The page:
Doc. 125 1/2.-message of Governor Pettus. The Mississipppi Legislature convened at Jacksonville on the 25th of July. The Nashville papers of the 28th give the following extracts of the Governor's Message:-- It affords me pleasure to announce to you that the revolution which you inaugurated last fall has so far been prosperous and successful. The people of this State have united in approving your action and sustaining the Confederate Government, with a unanimity which surpasses the expectations of the most sanguine. The call to arms has been responded to in a manner unknown in modern times, and the call for means to support our volunteers is now being answered with such liberal devotion to the cause as to gratify the heart of the patriot, and convince both friends and foes that Mississippi is determined to make this a successful struggle against Northern tyranny, if the united efforts of all classes, ages, sex, and conditions of our people can accomplish it. To enab
Total,223721292 Secession official reports. General Price's report. Headquarters Missouri State Guard, Springfield, August 12, 1861. To His Excellency, Claiborne F. Jackson, Governor of the State of Missouri: I have the honor to submit to your Excellency the following report of the operations of the army under my command, at and immediately preceding the battle of Springfield. I began to move my command from its encampment on Cowskin Prairie, in McDonald County, on the 25th of July, toward Cassville, in Barry County, at which place it had been agreed between Gens. McCulloch, Pearce, and myself, that our respective forces, together with those of Brig.-Gen. McBride, should be concentrated, preparatory to a forward movement. We reached Cassville on Sunday, the 28th of July, and on the next day effected a junction with the armies of Gens. McCulloch and Pearce. The combined armies were then put under marching orders, and the First Division, Gen. McCulloch commanding,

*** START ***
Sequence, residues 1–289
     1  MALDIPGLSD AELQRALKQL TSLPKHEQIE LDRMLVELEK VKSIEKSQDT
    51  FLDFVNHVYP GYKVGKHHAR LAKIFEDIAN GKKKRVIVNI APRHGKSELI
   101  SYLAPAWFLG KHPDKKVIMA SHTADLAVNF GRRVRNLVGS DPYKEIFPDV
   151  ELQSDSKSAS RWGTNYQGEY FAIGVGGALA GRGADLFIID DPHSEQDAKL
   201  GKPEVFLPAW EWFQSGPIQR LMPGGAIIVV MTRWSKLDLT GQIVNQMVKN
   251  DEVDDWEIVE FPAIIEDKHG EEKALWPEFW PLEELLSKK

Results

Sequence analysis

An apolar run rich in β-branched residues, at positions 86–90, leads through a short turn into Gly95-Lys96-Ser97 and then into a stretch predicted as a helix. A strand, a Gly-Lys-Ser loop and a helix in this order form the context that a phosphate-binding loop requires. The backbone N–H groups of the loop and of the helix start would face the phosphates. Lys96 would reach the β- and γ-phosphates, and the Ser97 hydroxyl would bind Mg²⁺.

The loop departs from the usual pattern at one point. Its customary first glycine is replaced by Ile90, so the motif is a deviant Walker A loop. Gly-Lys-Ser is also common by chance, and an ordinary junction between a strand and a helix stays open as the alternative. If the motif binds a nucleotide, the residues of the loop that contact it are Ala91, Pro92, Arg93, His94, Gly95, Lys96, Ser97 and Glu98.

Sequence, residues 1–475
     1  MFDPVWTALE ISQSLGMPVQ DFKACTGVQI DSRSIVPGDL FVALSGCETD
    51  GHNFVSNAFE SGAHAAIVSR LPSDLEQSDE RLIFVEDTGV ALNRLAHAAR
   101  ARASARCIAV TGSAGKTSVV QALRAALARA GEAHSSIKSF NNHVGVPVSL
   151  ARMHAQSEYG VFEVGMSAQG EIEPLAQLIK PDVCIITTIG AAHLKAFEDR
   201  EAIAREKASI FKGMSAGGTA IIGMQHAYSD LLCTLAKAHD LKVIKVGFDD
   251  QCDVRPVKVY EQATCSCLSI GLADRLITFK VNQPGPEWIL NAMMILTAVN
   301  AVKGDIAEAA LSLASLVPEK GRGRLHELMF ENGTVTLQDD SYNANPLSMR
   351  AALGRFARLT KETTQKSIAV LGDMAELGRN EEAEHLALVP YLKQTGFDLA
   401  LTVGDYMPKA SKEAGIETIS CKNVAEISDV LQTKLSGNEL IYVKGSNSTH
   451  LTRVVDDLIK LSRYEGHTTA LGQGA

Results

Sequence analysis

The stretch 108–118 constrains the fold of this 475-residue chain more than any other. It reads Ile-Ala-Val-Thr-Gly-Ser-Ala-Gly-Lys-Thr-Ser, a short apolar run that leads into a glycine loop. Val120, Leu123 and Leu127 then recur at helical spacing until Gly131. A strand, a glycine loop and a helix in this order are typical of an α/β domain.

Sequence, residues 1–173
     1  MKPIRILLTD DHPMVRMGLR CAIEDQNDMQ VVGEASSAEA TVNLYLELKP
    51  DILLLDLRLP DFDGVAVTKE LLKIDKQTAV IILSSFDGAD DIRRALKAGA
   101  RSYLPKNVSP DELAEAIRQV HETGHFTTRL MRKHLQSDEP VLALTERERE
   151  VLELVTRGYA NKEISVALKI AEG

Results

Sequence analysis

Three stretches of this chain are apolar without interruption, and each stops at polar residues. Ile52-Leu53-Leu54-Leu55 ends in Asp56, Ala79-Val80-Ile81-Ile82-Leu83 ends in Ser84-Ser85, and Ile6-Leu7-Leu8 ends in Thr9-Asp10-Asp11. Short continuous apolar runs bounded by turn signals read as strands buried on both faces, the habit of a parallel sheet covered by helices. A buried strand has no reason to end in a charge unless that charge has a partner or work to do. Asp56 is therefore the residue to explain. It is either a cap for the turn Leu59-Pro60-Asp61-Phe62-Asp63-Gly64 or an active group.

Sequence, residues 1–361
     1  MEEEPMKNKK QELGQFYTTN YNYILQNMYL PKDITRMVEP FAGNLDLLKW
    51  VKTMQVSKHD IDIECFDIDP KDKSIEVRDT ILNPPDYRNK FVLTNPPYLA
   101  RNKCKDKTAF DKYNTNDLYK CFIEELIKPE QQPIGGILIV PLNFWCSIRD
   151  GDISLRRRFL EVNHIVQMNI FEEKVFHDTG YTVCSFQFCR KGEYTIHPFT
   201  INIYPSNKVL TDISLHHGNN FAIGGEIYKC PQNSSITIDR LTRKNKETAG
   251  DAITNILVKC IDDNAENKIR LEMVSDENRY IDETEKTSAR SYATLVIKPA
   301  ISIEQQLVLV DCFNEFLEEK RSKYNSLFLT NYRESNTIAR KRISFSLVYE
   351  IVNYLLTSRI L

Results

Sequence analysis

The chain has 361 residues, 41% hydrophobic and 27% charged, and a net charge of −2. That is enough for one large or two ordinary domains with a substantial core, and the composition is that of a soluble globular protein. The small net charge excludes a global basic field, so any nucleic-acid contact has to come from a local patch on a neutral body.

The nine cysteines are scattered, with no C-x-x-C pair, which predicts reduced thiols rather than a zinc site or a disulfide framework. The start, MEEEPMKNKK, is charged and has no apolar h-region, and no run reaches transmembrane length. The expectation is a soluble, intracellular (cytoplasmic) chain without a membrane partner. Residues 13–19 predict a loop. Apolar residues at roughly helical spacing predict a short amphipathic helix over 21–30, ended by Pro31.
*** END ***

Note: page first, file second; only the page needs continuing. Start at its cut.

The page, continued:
Secession official reports. General Price's report. Headquarters Missouri State Guard, Springfield, August 12, 1861. To His Excellency, Claiborne F. Jackson, Governor of the State of Missouri: I have the honor to submit to your Excellency the following report of the operations of the army under my command, at and immediately preceding the battle of Springfield. I began to move my command from its encampment on Cowskin Prairie, in McDonald County, on the 25th of July, toward Cassville, in Barry County, at which place it had been agreed between Gens. McCulloch, Pearce, and myself, that our respective forces, together with those of Brig.-Gen. McBride, should be concentrated, preparatory to a forward movement. We reached Cassville on Sunday, the 28th of July, and on the next day effected a junction with the armies of Gens. McCulloch and Pearce. The combined armies were then put under marching orders, and the First Division, Gen. McCulloch commanding, left Cassville on t